If the quantum state k[qk, t'] of any given oscillator, labelled by k, is given at some initial time, t', we can evolve it to final time:
where K is known in terms of the solutions to the classical equations of motion and [qk', t'] is the initial state. There is nothing non-trivial in the mathematics, but the physics is completely unknown. The real problem is that unfortunately - in spite of confident assertions in the literature occasionally - we have no clue what [qk', t'] is. So we need to make more assumptions to proceed further.
One natural choice is the following: It turns out that, Gaussian states of the form
preserve their form under evolution governed by the Schrodinger equation in Eq. (172). Substituting Eq. (174) in Eq. (172) we can determine the ordinary differential equation which governs Bk (t). (The Ak (t) is trivially fixed by normalization.) Simple algebra shows that Bk(t) can be expressed in the form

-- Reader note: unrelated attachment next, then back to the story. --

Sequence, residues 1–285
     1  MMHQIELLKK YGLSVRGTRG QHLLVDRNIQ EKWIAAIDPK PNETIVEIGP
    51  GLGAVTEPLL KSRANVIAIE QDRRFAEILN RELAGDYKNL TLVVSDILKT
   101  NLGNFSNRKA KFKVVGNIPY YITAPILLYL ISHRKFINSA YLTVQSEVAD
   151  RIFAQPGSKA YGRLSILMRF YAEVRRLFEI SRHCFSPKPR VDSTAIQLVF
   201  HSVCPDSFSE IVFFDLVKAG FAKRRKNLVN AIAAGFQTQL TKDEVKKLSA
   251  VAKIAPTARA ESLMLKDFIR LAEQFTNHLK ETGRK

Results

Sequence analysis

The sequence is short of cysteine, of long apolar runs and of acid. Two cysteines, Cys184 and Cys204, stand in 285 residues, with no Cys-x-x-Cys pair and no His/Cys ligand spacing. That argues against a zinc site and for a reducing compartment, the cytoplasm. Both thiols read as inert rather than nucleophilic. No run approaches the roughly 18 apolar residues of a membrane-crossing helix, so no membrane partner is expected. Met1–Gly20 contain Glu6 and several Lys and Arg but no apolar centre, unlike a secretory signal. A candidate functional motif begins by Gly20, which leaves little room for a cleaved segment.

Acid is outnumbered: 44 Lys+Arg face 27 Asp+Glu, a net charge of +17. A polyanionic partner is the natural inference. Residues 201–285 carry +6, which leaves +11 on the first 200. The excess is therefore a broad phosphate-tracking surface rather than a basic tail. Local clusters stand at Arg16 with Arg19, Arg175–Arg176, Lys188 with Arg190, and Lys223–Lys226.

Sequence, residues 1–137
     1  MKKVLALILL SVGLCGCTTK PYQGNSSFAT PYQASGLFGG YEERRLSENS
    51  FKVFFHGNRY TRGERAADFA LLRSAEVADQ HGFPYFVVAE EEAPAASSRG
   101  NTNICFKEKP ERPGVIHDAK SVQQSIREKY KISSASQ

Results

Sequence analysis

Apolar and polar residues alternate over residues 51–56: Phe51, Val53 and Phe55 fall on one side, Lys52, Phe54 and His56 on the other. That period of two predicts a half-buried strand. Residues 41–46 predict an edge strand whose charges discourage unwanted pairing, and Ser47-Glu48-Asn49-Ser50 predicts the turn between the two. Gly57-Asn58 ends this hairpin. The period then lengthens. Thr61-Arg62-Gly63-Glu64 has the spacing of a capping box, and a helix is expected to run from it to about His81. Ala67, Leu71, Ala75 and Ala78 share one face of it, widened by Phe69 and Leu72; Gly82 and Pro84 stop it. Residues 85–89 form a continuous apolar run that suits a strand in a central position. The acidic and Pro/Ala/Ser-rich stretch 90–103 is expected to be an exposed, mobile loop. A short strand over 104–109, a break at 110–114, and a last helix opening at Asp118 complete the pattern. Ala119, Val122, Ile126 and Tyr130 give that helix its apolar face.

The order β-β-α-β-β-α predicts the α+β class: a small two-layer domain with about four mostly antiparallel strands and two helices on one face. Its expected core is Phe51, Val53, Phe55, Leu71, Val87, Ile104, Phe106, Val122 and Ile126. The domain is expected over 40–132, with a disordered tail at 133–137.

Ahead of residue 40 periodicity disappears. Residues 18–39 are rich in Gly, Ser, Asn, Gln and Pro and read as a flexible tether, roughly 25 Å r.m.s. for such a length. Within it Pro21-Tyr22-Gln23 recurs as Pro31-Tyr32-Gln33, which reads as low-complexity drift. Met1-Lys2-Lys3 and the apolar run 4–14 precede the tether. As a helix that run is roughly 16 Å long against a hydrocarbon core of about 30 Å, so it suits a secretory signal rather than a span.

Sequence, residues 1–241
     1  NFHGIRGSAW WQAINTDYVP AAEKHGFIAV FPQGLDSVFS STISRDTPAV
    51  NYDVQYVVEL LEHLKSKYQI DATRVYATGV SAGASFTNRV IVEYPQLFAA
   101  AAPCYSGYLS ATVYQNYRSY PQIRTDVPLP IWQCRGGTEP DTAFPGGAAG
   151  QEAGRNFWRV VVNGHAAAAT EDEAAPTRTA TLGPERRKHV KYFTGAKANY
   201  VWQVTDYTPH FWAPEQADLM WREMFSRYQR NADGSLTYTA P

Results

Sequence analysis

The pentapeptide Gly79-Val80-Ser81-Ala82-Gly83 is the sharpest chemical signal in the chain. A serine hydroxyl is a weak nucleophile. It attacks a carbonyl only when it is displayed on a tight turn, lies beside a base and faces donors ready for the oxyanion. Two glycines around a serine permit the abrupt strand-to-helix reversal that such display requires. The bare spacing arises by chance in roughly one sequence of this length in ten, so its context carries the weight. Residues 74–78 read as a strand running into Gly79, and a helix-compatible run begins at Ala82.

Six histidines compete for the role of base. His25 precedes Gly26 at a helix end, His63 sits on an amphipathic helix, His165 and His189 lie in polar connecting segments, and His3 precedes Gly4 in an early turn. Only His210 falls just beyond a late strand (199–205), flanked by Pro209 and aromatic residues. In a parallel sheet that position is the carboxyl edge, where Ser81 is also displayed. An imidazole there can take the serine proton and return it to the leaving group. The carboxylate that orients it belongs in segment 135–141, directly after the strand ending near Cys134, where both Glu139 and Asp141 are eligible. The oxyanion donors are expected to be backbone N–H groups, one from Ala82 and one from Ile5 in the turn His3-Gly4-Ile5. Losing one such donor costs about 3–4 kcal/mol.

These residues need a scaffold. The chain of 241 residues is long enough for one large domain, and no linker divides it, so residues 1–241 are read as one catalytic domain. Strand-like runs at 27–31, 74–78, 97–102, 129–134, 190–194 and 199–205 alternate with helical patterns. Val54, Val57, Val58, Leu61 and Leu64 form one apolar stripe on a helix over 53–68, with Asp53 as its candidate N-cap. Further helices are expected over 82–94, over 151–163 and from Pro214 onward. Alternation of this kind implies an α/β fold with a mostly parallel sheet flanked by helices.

where fk is the solution to the classical equation of motion:
For the quantum state in Eq. (174), the fluctuations are characterized by
Since one can take different choices for the solutions of Eq. (176) one get different values for k and different spectra for perturbations. Any prediction one makes depends on the choice of mode functions. One possibility is to choose the modes so that k represents the instantaneous vacuum state of the oscillators at some time t = ti. (That is Re Bk(ti) = (1/2)k2(ti), say). The final result will then depend on the choice for ti. One can further make an assumption that we are interested in the limit of ti -; that is the quantum state is an instantaneous ground state in the infinite past. It is easy to show that this corresponds to choosing the following solution to Eq. (176):